2. To irritate as if by a nip, pinch, or tear.
3. To move with spasmodic convulsions.
Example:
Thus, if you vellicate the throat with a feather, nausea is produced; if you wound it with a penknife, pain is induced, but not sickness.
-- Erasmus Darwin, Zoonomia, Volume 1


--Quote of the Day: A kiss without a hug is like a flower without the fragrance.
~Proverb

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August 21, 2010

His Poetry His Pillar

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--Description: 19th C, Herrick R ., Life, Poetry-- 

 
Only a little more
I have to write:
Then I'll give o'er,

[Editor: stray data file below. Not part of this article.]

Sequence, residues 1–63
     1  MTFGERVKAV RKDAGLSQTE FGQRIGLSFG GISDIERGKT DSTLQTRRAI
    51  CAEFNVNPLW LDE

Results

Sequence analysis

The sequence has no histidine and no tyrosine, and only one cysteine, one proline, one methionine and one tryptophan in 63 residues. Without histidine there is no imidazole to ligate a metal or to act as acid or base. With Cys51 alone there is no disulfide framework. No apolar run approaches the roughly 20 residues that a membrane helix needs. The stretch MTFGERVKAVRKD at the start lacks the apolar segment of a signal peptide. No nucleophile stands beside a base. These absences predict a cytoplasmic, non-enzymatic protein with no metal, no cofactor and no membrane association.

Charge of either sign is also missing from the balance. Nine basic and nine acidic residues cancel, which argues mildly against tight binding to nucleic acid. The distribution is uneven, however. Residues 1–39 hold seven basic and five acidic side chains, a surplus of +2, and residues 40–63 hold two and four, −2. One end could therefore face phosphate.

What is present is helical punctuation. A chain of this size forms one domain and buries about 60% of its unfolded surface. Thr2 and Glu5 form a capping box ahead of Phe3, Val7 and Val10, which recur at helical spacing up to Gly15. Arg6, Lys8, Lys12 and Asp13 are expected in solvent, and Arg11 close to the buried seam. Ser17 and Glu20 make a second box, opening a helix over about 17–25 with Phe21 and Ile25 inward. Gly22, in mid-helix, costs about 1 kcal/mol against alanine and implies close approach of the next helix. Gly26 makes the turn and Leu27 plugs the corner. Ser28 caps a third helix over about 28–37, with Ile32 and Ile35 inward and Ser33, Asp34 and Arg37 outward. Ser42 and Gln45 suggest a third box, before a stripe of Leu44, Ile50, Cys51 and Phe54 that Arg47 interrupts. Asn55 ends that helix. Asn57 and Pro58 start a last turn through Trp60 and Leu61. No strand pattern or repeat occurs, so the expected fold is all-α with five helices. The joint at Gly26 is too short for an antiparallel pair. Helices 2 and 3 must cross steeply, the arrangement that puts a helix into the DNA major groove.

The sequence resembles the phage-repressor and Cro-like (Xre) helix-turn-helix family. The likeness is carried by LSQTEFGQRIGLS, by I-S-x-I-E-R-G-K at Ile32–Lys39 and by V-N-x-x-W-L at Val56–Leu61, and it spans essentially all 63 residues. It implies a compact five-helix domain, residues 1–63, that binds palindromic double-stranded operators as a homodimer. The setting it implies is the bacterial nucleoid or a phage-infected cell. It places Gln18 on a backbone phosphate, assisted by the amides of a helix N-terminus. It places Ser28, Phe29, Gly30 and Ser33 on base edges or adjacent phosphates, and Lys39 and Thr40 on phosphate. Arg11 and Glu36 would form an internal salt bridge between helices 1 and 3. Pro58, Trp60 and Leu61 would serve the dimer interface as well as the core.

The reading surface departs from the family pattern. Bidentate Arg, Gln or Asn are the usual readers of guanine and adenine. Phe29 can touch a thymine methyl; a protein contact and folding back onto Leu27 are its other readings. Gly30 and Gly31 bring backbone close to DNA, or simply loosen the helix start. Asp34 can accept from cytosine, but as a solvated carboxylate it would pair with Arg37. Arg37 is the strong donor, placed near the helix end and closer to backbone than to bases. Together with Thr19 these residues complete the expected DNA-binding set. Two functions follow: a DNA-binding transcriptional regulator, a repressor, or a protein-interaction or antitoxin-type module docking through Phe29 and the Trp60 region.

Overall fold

And bid the world good-night.

'Tis but a flying minute,
That I must stay,
Or linger in it:
And then I must away.

O Time, that cut'st down all,
And scarce leav'st here
Memorial
Of any men that were;

--How many lie forgot
In vaults beneath,
And piece-meal rot
Without a fame in death?

Behold this living stone
I rear for me,
Ne'er to be thrown
Down, envious Time, by thee.

Pillars let some set up
If so they please;
Here is my hope,
And my Pyramides.



Robert Herrick

--Did You Know: (baptized 24 August 1591 – buried 15 October 1674) Herrick was a 17th century English poet.His reputation rests on Hesperides, and the much shorter Noble Numbers, spiritual works, published together in 1648. He is well-known for his style and, in his earlier works, frequent references to lovemaking and the female body. His later poetry was more of a spiritual and philosophical nature. Among his most famous short poetical sayings are the unique monometers, such as "Thus I / Pass by / And die,/ As one / Unknown / And gone."